Blue geometric cover of Angela Stockman's book, the writing teacher's guide to pedagoical documentation

I’m excited to announce the release of my new book, The Writing Teacher’s Guide to Pedagogical Documentation (Routledge, 2024). This book offers a peek into the practices I used to compose all of my other books, as well as introductions to friends in education whose own learning stories I value much.

Kenisha Bynoe and Angelique Thompson: two black women standing next to each other with their arms crossed

Angelique Thompson and Kenisha Bynoe are two of those educators, and they’re celebrating a book birthday, too. Early reading coaches for the Toronto District School Board, Kenisha is also a French Immersion educator and Angelique is an Additional Qualifications instructor. Their gorgeous book, The Gift of Playful Learning, was recently released. In this week’s newsletter, I’m explaining why this book is my favorite book on loose parts play and pedagogical documentation. Have a peek, and sign up to win a copy of your own. You’ll also find a 20% discount coupon for my new title there and an invitation to join my summer book club, too.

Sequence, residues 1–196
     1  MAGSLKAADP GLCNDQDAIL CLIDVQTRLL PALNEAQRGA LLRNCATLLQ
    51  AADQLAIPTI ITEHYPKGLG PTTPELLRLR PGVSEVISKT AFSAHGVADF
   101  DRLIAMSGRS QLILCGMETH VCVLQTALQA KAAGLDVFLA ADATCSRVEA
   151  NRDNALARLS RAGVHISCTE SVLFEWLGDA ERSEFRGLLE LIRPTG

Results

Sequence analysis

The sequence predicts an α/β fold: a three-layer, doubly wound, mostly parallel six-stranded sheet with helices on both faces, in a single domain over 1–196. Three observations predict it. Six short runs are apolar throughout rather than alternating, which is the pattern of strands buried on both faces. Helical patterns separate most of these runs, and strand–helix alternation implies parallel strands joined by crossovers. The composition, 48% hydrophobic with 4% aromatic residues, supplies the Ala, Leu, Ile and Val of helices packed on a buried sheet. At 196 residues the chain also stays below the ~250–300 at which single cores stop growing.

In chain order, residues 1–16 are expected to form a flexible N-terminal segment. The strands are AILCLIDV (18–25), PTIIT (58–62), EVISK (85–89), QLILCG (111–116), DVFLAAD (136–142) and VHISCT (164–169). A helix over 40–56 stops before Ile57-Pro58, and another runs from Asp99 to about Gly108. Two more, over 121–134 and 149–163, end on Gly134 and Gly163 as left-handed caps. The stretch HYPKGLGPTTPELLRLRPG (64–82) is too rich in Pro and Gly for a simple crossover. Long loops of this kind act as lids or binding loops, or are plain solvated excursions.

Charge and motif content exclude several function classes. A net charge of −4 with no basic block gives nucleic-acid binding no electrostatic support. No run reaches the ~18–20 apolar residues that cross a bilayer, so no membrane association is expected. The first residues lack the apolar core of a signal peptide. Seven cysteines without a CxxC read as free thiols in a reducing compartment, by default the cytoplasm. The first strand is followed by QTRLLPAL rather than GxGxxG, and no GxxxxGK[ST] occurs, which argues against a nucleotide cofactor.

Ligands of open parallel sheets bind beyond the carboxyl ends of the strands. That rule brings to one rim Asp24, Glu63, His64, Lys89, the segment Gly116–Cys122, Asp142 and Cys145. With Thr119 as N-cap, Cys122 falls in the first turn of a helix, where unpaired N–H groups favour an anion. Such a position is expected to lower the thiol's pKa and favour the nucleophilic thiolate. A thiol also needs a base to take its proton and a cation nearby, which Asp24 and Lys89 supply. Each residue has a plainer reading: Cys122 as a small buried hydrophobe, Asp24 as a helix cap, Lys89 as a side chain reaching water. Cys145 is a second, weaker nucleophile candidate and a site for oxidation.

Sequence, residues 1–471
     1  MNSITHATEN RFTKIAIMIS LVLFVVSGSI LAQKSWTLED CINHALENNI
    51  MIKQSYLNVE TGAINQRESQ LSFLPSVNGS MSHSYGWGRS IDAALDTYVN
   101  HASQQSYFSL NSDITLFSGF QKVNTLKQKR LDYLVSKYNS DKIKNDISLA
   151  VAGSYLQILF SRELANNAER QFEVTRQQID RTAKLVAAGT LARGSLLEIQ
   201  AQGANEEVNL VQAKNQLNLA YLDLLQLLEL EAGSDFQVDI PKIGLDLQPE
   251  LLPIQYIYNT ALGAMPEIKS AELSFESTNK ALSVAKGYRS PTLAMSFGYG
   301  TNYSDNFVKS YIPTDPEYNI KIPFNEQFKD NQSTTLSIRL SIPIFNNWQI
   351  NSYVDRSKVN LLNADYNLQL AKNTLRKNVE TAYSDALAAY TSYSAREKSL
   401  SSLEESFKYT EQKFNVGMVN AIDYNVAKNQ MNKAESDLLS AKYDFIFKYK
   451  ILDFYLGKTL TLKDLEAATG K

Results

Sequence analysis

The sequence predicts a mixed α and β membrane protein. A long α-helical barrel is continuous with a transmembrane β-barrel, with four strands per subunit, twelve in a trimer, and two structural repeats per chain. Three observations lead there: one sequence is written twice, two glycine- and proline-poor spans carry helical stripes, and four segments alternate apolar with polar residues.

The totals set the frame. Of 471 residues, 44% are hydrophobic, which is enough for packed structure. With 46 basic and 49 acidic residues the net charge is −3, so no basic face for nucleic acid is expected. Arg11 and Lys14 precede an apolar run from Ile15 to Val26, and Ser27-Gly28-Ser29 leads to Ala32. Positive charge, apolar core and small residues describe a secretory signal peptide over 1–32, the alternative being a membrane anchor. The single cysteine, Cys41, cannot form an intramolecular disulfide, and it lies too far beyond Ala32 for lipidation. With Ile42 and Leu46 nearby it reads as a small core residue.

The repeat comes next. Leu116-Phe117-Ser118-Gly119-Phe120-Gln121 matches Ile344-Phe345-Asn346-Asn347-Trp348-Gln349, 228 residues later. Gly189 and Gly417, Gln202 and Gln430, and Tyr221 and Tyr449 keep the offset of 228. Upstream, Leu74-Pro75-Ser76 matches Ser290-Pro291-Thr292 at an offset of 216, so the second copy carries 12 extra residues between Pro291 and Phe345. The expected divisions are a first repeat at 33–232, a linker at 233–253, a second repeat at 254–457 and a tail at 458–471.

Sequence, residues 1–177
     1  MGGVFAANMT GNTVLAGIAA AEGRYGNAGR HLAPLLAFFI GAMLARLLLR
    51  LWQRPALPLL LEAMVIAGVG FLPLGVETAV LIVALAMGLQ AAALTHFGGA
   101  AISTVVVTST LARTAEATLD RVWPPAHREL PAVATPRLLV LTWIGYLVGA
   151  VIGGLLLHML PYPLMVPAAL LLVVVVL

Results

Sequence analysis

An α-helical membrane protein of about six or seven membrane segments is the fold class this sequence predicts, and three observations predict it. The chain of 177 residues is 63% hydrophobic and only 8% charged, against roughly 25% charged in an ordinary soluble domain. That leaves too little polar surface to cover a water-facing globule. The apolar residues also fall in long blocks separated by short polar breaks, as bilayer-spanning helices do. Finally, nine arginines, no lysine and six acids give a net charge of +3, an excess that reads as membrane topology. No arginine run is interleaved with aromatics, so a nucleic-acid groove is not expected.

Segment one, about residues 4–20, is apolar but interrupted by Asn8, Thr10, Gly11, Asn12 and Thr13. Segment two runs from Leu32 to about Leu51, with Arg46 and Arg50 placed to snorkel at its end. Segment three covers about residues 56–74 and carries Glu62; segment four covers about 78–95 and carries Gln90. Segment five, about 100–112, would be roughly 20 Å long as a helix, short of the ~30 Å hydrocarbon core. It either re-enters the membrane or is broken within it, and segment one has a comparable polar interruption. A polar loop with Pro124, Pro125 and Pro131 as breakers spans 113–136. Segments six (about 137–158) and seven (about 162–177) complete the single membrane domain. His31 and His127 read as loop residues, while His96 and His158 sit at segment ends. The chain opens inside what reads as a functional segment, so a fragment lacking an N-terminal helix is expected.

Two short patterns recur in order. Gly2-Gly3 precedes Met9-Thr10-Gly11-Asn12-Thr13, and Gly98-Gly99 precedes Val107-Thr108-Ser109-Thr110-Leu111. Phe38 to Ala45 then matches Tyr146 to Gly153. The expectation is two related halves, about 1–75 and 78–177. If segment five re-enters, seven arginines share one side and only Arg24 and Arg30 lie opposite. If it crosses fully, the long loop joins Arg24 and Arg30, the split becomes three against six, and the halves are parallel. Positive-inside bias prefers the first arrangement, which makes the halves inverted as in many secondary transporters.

Happy spring, all!

So grateful for you.


“We go down too many rabbit holes when discussing assessment, tests, data, and evidence.  Angela Stockman provides a powerful perspective focusing on interpreting the myriad of information that teachers, leaders and students encounter in every lesson. The book introduces the concept of documentation, which involves investigating the people, places, processes, practices, and products of teaching and learning. Through this approach, educators are encouraged to triangulate, deduce, induce, and find meaning, ultimately taking purposeful actions in their teaching journey. This book serves as a valuable gift, empowering teachers with a fresh perspective and the ability to make a significant impact on their students’ learning experiences.”

Professor John Hattie, University of Melbourne Australia. A global authority on education effectiveness, his extensive research is the world’s largest evidence base on what works best in schools to improve learning.


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